This will be a walkthrough of unknowndevice64, a boot2root CTF Virtual Machine available on VulnHub. Boot2root CTFs are a good platform to learn web application, network, and operating system penetration testing, all in one place. Many of these virtual machines will have vulnerabilities which can be found in real-life scenarios, thus educating you with the latest of attack methods.
After setting up the virtual machine in VirtualBox, we need to discover its IP Address first. I assigned it to a host-only network in VirtualBox (192.168.56.0/24), so I ping scan that network to find the host using NMap.
Here, 192.168.56.100 is the IP Address of the DHCP Server and 18.104.22.168 is the IP Address of my host machine. So I confirm the target’s IP to be 192.168.56.102. Next up, port scan.
This reveals an SSH Server on port 1337 and a HTTP Server on port 31337. Let’s enumerate the HTTP Server first.
Nice homepage, I must say. Anyways, viewing the source gives us this.
I guessed it must be the name of a file present in the web root, and thus I try to visit it from my browser.
Now “hidden secrets” indicates some sort of information hidden in the image itself. Also, the file name is “key_is_h1dd3n”, which indicates that a key is needed to view the secret information and the key is – “h1dd3n”. I fire up steghide and extract information using this key.
That looks like nonsense. Isn’t it? Anyhow, it is actually an esoteric programming language called BrainFuck. I look up an online interpreter for BF and copy-paste this program into it.
Okay. Generally, credentials consist of a username and a password separated by a colon. Now this output looks exactly like a username and password (ud64 – 1M!#64@ud). But where do I use this? Remember the SSH Server from earlier? This might be a login for the computer. So I try to login using SSH.
Escalating to a shell
Sweet. Now we have a shell, but we immediately notice that this is not ‘bash’, the usual shell, but ‘rbash’, a restricted version of it. Restricted shells are given to people generally because they require shell access, but the system administrator decides to restrict them into executing only a few commands essential for their task. Now we need to know which commands are available to us.
I am using ‘echo *’ as a workaround for ‘ls’, as ‘ls’ is restricted. I examine the PATH environment variable, which decides what commands I can execute. There is a folder called ‘prog’ in my home directory which contains the programs I am allowed to execute. I again use ‘echo’ to list the contents of the ‘prog’ directory, and determine that I can run the ‘vi’ editor.
‘vi’ has a feature that allows you to execute arbitrary commands, thus it maybe helpful for breaking out of the restricted shell and getting a full shell. The key sequence to execute commands in ‘vi’ is: :!/bin/bash (colon, exclamatory mark, followed by the command you want to execute)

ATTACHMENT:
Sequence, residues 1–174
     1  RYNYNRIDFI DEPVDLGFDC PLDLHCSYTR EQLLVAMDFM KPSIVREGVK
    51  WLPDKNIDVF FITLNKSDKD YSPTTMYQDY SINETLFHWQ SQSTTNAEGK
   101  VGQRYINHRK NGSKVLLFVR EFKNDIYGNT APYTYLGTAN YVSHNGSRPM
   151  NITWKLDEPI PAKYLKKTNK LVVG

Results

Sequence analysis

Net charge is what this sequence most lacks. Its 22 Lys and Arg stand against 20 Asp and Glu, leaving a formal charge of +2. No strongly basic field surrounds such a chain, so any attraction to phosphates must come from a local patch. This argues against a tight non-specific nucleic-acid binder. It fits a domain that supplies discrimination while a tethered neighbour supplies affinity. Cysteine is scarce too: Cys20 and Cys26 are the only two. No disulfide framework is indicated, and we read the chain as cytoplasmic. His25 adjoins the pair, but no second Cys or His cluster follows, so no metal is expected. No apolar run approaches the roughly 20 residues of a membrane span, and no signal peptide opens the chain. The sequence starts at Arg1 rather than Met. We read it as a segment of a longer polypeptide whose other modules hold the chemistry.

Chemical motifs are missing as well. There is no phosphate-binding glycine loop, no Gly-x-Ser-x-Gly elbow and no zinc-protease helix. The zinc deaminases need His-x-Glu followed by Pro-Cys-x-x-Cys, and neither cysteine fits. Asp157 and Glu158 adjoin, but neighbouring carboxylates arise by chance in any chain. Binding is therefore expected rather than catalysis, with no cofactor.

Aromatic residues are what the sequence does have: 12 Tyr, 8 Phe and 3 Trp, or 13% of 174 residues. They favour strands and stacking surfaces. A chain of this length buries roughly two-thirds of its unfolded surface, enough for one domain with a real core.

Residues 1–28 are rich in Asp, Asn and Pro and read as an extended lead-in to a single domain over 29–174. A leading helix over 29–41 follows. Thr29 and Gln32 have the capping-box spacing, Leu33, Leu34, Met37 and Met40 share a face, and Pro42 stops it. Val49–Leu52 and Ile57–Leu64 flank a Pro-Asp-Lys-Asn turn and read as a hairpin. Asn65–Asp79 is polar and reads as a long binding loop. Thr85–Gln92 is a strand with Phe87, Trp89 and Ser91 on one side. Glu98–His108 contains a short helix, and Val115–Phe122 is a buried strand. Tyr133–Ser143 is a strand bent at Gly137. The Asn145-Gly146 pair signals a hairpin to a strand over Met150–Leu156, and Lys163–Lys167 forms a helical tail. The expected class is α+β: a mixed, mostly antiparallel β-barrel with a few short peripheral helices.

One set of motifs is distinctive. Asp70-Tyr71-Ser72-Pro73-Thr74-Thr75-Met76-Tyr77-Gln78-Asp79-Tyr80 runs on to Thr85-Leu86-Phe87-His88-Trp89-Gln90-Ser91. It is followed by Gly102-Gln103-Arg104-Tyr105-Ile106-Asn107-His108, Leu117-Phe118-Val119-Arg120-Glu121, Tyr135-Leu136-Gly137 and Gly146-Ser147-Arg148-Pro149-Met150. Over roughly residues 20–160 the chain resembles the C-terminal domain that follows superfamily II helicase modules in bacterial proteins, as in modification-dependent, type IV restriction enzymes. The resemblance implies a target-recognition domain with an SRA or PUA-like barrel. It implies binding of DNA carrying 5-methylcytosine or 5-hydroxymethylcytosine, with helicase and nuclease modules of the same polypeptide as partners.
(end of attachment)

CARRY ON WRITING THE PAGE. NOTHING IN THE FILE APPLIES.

Cool! Now we have an unrestricted shell. The next step is to elevate privileges to that of root, and it’s game over!
Note: After breaking out of an unrestricted shell, you should set the PATH variable like I did above, so that you can access all the commands, instead of a limited subset.
Okay, the first and most obvious thing to do is to determine what commands I can run as root.
Okay, we can execute some command named ‘sysud64’. What is this?
When I tried the help menu for this command, I noticed that this command’s actual name is ‘strace’ from the help message. Now, ‘strace’ is a command that is used to debug other commands. More specifically, it is used to monitor all system calls that a specific command makes to the kernel while it is running. ‘strace’ achieves this by executing the program and printing out verbose information whenever the target makes a system call. I decide to make ‘strace’ run the bash shell as root. It immediately spews out an avalanche of text on my screen. Nevertheless, I’m sure that I already have a root shell!
Although I have successfully compromised the machine already, I need to create a backdoor command that will give me a root shell when I execute it, because the strace output is really annoying me. To achieve this, I copy over the ‘sh’ shell to ‘/tmp’, and set the SUID bit for the shell, which signals the operating system to execute the command as root regardless of who executes it.
Capturing the flag
The flag is at /root/flag.txt
This was an easy VM but was real fun to play with. Shoutout to Ajay Verma (https://ud64.com/) for making this VM!